Thursday, October 30, 2008

Blogging Serendipity

Tim in Thailand's latest post has just led me to the Follow The Yellow Brick Road blog, winner of this year's Manchester Blog Awards.

Coincidentally, a recent post on that blog has a link to the Advice To Sink In Slowly art project, in which students at University College Falmouth - which is right here in Penryn - have designed some really beautiful posters containing useful advice for new students starting at the college.

Coincidentally, Mr BC is at University College Falmouth RIGHT NOW, guest-lecturing to some of those new students on how to forge a career in professional writing.

Coincidentally, one of his bits of advice will undoubtedly be to start a blog in order to get your writing out there, which, coincidentally, is what Tim's original post is all about.

I know, it's well coincimental.

But anyway, aside from the Thailand-Manchester-Penryn blogging connection, the Advice To Sink In Slowly posters are well worth a look, and indeed, at a fiver a go, a purchase. Here's my favourite:

More lovely poster art where that came from here.

Tuesday, October 28, 2008


One thing I've noticed about having a tiny helpless baby is that you spend a lot of time holding the tiny helpless baby in your arms, thereby confining yourself to a small patch of sofa opposite the television.

Under these circumstances, it would take a stronger will than mine not to turn the television on and spend the entire day watching repeats of Property Ladder, Grand Designs and other fetishistic pre-Financial Apocalypse property shows.

Last night, while watching a repeat of Relocation Relocation, I felt a sudden stab of jealousy as Kirstie and Phil found a nice thirtysomething middle-class couple a fantastic stone-built cottage in a pretty village beside the estuary of the river Exe in South Devon.

"Ohhhhh," thought I to myself. "If only I could live in a lovely old stone-built cottage in a pretty village by a lovely river estuary in the West Country. How much more pleasant life would be. How much calmer, and more fulfilling, and less stressful."

It wasn't until much later, as I lay in bed waiting for Mr BC to return from London, baby sleeping peacefully in her cot as a CD of tropical lullabies played softly in the background, that I remembered that I *do* live in a lovely old stone-built cottage in a pretty village by a lovely river estuary in the West Country.

I am an idiot.

IN OTHER NEWS: The first time the health visitor came round to inspect the Blue Kitten, she wrote 'Lovely baby' in the Kitten's health record book. I don't know if this is actual medical terminology, but going by this recent photo of the infant, I don't think I can really argue with it:

Fig 1. Medical experts have detected loveliness in this specimen.

Thursday, October 09, 2008

Bathetic Policy

A masterpiece of bathos from the Easyjet travel insurance policy I accidentally bought the other day:

We will not cover you for any claim arising from, or consisting of, the following:
  • War, invasion, act of foreign enemy, hostilities (whether war is declared or not) civil war, civil commotion, rebellion, revolution, insurrection, military force, coup d’etat, terrorism, weapons of mass destruction.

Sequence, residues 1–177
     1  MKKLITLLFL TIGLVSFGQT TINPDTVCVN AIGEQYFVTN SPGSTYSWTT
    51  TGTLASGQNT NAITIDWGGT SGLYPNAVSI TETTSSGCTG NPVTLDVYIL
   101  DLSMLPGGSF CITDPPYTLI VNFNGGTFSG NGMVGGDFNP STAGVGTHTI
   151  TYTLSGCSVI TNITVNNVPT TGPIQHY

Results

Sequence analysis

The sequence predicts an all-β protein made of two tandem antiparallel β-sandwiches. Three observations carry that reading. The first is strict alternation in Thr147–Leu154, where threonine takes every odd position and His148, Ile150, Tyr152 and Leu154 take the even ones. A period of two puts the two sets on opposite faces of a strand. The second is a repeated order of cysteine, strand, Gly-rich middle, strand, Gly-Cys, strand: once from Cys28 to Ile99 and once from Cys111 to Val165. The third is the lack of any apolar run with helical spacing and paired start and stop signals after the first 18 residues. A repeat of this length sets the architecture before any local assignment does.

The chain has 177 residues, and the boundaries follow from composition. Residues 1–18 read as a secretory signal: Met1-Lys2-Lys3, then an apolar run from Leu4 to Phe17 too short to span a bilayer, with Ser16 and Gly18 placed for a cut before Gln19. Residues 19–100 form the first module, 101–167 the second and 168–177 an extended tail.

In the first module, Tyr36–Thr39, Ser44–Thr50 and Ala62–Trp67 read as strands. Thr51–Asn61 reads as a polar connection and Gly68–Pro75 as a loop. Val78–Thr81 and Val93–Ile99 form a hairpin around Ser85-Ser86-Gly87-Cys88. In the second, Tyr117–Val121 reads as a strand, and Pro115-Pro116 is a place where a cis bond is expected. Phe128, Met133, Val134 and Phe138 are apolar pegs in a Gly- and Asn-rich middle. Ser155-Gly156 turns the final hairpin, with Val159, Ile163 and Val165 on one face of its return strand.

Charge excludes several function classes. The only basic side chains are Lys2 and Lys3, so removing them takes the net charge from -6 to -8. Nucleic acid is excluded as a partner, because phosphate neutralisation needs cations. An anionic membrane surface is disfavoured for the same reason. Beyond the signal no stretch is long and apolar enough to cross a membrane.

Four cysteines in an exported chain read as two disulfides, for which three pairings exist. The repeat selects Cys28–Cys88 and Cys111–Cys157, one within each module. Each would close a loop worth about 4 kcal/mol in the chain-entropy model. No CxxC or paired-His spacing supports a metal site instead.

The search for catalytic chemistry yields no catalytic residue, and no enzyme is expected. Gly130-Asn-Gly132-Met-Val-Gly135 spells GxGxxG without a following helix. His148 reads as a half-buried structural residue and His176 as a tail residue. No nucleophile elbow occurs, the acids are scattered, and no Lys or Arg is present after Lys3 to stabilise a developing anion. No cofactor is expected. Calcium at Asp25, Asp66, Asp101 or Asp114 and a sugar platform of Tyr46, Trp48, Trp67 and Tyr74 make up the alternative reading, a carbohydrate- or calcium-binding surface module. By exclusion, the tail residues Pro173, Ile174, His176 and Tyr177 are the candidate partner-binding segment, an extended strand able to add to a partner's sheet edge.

• Any epidemic or pandemic.
  • Ionising radiation or radioactive contamination from nuclear fuel or nuclear waste or any risk from nuclear equipment.
  • You not enjoying your journey.

Given that our journey is going to involve transporting a screaming two month-old baby in the car from Penryn to Truro, then on the train from Truro to Bristol, then on the coach from Bristol Temple Meads Station to Bristol Airport, then on the plane from Bristol to Inverness, then in a hire car to a hotel in Nairn, and then the same journey in reverse just two days later, I think Easyjet may have been wise to put that last clause in.

And this isn't even taking into consideration the potential psychologically-detrimental effects of the Blue Kitten's first audience with her terrifying 97 year-old great-grandmother, who lies in wait at the journey's end, possibly wielding an axe*. Although it would be quite difficult to blame Easyjet for those.

* It has been known.

Friday, October 03, 2008

The Fountain Of Youth

Steve the plumber has been here yesterday and today, fitting a new super-efficient boiler in anticipation of the financial End Times, and removing a leaky old Victorian toilet which will not be required either before or during the Apocalypse.

Fig 1. Victorian cistern: here rust, and let me die.

This leaves me (well, us, but it is I who have taken up the quest with the appropriate levels of zealotry) with the opportunity to fit a fancy new toilet in the space vacated by the Victorian one.

Fig 2. Victorian toilet bowl: doomed.

My mission took me to the B&Q website, where I was immediately struck by the evocative and suggestive names of the sanitaryware on offer. I particularly liked this one, although I hardly dare to wonder if it lives up to its name, and if so, how it might work its magic:

Although perhaps if I'm really planning to install the Fountain of Youth in the downstairs cubbyhole, I could ride out the coming financial Armageddon by charging people a fiver a pop to, er, partake of its healing waters.

Who wants to go first?